If the ELT antenna is under water it will NOT work, radio signals is killed will not travel under water

 

I have no doubt you are correct.  So why isn't the antenna made to float to the surface and send a signal.  The whole locating system sounds like something Wile E Coyote built out of an ACME kit and it shocks the heck out of me that people who make multi million dollar aircraft don't do seemingly simple things like that.

 

EDIT:  Bottom line is that I am peeved that planes can just disappear.  There MUST be more that can be done to keep an eye on passenger planes.  Every single one of us expats flew here and any of us could end up on that missing list if the situation is not corrected.  And yet we can do nothing except line up, go through ridiculously invasive security measures, board the plane and cross our fingers that this flight is going to be okay because we got a cavity search or removed our shoes to go through a scanner.

Edited by A_Simple_Man
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HeyMike

Versus what?

That's the point. All this time and they are still absolutely clueless.

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TheMatrix

That's the point. All this time and they are still absolutely clueless.

 

That's crazy.  The water is only maximum 100-feet deep in that region.  You can see a plane lying on the bottom with a flyover.  Nothing floating?  Seat cushions?  Beacon?  Well, only 3 more hours of daylight and hundreds searching.  We'll see.

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oztony

Objects seen in search for missing AirAsia plane

 

Objects have been spotted in the sea by a search plane hunting for a missing AirAsia jet, an Indonesian official has said.

Jakarta’s Air Force base commander Rear Marshal Dwi Putranto said he had been informed that an Australian Orion aircraft had detected suspicious objects near Nangka island, about 160km south-west of Pangkalan Bun, near central Kalimantan, or 1,120km from the location where the plane lost contact.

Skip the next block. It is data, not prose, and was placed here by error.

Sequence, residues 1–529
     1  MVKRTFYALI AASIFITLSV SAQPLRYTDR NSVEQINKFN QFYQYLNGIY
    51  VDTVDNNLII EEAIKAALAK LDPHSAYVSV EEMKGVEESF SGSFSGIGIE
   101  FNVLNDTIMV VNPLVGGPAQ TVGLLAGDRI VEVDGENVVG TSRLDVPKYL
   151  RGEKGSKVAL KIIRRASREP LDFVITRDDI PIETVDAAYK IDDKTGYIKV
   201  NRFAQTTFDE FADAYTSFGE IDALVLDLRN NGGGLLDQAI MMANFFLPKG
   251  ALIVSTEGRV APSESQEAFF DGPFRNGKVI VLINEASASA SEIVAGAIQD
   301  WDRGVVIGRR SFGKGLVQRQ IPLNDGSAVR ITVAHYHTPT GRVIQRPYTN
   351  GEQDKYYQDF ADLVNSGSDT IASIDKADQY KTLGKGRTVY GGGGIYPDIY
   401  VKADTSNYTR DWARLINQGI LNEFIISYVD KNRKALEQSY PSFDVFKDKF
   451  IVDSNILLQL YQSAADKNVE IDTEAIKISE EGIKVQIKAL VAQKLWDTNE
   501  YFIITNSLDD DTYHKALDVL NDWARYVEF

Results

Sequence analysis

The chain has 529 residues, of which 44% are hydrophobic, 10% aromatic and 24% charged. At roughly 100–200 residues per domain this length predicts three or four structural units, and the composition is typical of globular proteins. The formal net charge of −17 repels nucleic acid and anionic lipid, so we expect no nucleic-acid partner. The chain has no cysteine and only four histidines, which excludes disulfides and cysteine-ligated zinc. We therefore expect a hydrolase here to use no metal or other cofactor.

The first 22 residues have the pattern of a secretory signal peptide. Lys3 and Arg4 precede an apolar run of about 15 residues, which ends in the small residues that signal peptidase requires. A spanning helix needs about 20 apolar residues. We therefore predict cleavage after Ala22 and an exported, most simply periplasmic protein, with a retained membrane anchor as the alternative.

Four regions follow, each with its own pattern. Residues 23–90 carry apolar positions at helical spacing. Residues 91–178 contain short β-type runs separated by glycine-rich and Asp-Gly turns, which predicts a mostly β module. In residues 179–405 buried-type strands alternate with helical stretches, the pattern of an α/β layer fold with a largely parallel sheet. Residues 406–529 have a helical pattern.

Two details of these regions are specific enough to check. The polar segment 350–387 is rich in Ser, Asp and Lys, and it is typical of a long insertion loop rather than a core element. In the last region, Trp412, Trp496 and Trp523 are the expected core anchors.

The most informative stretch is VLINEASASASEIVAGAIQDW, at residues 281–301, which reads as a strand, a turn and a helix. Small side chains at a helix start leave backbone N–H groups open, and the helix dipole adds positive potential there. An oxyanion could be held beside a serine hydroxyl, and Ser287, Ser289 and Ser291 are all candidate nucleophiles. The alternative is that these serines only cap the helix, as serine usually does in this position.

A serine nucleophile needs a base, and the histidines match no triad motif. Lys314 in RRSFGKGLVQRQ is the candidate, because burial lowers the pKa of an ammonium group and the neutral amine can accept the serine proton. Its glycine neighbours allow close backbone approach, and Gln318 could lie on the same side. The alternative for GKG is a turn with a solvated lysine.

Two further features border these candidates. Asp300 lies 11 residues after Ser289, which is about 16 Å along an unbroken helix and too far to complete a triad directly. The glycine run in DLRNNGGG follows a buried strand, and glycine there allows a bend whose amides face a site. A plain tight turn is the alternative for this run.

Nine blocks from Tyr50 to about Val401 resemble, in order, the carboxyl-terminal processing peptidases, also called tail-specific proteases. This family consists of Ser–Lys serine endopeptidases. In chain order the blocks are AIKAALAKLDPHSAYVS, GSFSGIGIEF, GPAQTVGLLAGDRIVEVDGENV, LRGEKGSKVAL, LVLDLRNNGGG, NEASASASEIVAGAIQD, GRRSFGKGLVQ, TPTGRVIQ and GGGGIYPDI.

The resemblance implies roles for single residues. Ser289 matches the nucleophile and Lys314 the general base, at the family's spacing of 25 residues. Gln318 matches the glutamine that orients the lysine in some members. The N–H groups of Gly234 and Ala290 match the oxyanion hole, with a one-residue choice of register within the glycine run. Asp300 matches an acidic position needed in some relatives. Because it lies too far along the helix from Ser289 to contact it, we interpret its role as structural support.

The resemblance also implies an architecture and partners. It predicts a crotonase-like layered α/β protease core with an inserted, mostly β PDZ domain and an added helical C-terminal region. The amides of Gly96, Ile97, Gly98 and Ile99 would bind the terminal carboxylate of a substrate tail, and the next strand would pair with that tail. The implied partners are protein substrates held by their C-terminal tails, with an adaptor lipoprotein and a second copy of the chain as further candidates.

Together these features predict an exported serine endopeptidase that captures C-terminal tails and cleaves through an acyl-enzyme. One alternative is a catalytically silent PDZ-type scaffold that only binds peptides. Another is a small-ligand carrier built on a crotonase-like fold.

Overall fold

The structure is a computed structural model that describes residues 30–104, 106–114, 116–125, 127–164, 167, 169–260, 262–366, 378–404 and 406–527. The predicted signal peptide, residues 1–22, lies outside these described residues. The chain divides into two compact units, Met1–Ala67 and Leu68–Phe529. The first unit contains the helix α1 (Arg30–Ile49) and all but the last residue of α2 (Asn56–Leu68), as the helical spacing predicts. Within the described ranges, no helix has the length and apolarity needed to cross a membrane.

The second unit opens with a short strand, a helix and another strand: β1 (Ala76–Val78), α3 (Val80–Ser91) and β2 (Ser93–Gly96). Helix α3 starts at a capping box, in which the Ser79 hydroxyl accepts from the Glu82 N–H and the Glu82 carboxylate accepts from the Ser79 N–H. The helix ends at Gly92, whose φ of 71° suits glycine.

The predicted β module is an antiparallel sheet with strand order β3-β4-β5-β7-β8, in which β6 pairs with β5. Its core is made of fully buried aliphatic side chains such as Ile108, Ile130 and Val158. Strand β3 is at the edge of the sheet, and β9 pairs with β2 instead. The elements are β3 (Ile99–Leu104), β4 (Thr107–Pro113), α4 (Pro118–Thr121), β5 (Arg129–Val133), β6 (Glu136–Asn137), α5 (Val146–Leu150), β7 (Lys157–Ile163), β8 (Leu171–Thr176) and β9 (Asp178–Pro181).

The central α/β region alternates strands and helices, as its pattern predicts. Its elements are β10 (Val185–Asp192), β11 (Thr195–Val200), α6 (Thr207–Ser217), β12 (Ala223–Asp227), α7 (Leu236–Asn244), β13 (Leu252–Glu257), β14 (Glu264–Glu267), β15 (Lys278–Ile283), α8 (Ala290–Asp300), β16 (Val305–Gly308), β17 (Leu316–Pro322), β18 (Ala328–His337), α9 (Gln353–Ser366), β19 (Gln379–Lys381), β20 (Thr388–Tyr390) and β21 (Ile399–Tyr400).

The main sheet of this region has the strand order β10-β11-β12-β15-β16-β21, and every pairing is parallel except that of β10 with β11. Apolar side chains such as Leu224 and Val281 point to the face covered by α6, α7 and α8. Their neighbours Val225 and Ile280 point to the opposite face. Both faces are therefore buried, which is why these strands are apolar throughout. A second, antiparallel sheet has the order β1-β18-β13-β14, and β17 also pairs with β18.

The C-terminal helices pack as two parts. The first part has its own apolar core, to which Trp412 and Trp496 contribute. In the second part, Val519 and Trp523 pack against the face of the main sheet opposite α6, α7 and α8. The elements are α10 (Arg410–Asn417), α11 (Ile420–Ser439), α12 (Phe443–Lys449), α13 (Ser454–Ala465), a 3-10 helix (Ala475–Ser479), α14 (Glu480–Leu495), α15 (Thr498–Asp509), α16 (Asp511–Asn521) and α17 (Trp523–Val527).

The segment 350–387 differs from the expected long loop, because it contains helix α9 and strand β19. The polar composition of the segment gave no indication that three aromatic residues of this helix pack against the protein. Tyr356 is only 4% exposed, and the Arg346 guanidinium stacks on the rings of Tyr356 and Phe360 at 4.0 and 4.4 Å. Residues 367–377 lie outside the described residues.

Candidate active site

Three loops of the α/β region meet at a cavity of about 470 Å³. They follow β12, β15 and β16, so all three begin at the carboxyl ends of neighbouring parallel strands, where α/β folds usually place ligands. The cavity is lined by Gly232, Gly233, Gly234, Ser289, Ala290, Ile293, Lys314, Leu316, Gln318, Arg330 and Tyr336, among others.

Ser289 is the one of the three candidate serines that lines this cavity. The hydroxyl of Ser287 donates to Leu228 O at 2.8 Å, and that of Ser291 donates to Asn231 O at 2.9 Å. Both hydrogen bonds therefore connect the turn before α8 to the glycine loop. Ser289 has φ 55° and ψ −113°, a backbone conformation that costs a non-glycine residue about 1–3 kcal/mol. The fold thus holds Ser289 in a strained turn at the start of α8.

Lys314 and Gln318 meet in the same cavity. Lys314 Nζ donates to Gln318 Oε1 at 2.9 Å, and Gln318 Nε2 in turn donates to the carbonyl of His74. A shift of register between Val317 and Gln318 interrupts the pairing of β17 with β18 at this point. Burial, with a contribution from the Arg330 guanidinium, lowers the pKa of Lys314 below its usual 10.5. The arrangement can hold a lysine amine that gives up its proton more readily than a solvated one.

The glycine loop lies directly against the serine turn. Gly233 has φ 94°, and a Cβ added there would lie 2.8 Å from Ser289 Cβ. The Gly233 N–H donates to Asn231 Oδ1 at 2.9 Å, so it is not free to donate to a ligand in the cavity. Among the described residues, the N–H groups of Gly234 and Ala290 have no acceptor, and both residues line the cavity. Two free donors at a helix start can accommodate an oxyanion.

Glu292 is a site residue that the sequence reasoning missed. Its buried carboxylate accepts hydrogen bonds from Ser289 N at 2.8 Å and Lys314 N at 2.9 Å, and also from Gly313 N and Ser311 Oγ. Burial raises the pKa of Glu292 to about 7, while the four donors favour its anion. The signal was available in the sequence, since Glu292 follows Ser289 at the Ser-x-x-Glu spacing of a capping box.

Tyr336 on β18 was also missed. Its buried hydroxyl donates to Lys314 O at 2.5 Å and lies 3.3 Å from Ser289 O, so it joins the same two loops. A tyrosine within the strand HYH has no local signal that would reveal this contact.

“However, we cannot be sure whether it is part of the missing AirAsia plane,” he said. “We are now moving in that direction, which is in cloudy conditions.”

AirAsia Flight 8501 carrying 162 people disappeared yesterday in airspace thick with storm clouds on its way from Surabaya in Indonesia to Singapore.

First Admiral Sigit Setiayana, the Naval Aviation Centre commander at Surabaya air force base, said 12 navy ships, five planes, three helicopters and a number of warships were taking part in the search, along with ships and planes from Singapore and Malaysia.

He said visibility was good: “God willing, we can find it soon.”

A rescue official said today that, given the route of the plane, he believed the most likely scenario was that it crashed.

“Based on the co-ordinates that we know, the evaluation would be that any estimated crash position is in the sea, and that the hypothesis is the plane is at the bottom of the sea,” National Search and Rescue chief Henry Bambang Soelistyo told a news conference.

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Thats the part I don't get.  Plane goes down.  Black box pings. Somebody detects ping.  Isn't that the plan?  It sounds like they are suggesting the plane did not crash? If so then black holes and alien abduction go to the top of the list as my money is on the wreckage that was supposedly seen but unconfirmed. 

 

How about the intense weather sucked the plane upwards to ultra-cold stratosphere and blew it away into middle of Pacific Ocean or Indian Ocean.